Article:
Genetically Modified Organisms And Its Effects

3220 WordsDec 10, 201413 Pages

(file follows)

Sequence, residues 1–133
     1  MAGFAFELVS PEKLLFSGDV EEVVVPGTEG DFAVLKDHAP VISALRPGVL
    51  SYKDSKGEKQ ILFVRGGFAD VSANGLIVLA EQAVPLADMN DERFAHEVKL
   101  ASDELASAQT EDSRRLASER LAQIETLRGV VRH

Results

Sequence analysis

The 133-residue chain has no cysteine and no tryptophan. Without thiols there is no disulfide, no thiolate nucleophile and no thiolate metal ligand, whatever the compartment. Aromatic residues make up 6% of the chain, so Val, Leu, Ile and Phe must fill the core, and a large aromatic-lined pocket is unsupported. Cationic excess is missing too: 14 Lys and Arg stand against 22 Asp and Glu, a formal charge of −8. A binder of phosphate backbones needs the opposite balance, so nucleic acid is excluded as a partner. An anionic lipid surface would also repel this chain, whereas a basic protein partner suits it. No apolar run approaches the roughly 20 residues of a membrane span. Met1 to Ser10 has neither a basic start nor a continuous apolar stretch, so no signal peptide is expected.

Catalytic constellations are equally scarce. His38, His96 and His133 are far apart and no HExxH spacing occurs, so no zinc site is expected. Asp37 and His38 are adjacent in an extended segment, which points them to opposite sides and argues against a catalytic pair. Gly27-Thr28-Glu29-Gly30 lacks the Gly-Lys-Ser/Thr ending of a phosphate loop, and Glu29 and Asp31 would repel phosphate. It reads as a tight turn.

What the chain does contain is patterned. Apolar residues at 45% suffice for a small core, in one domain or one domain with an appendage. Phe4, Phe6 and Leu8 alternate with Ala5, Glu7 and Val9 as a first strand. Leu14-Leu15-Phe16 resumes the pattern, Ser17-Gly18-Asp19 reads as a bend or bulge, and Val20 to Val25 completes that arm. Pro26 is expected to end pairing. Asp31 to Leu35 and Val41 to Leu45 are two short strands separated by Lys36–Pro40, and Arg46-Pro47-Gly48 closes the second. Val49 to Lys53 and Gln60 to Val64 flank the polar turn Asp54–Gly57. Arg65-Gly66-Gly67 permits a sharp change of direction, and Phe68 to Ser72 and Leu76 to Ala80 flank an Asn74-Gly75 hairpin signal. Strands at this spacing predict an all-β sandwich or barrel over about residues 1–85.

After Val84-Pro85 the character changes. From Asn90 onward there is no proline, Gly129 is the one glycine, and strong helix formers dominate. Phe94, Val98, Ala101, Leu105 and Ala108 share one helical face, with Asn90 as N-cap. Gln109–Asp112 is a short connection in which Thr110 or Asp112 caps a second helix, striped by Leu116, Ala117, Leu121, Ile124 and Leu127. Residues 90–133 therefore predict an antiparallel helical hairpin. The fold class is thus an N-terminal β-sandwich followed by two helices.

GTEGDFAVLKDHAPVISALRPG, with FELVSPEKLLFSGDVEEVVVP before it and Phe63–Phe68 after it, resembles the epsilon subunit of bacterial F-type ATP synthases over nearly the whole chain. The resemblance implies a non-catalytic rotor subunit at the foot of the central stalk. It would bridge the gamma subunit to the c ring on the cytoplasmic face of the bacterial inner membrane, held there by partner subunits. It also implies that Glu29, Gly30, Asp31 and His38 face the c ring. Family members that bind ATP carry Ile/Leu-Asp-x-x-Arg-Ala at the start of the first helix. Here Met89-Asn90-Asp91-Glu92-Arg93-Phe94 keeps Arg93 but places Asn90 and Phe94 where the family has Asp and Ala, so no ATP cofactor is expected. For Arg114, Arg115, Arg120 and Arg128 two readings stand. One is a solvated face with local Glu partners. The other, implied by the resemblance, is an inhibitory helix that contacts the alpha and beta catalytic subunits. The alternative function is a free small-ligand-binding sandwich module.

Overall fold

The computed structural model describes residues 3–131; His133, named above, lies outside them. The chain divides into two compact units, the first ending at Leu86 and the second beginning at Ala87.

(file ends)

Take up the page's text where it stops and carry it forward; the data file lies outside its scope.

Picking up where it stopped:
Genetically modified organisms are created by altering the genetic makeup of a certain plant or animal. Most genetically modified (GM) crops are produced to withstand the pesticides or herbicides that would normally kill them. This would never happen in nature, hence the reason for genetically modifying them. The artificiality of the process and the synthetic harm of the substances involved prove GMOs to possess significantly more complications than their supporters prefer to admit. GMOs are known to backfire in major ways. The most common of cases outline genetically “superior” crops to withstand the herbicides that kill surrounding weeds. After many trials, however, these weeds eventually evolve to resist the same herbicides, creating so-called “superweeds” that farmers find themselves unable to destroy (Rock, 2014). Natural selection appears to overpower these artificial techniques anyway. The entire reason for creating GM crops collapses on itself. Even though the faultiness of genetically modified foods becomes apparent, the impreciseness of the final process exudes uncertainty about the science involved. A GMO expert, Jeffrey Smith, clarifies this in an interview with a representative from Natural Grocers. The genetically engineered crop in question potentially differs from its parent plant as a result of “hundreds or thousands” of forced mutations. (Smith, 2014). When genes are scrambled and transferred between organisms they function differently after each trial,
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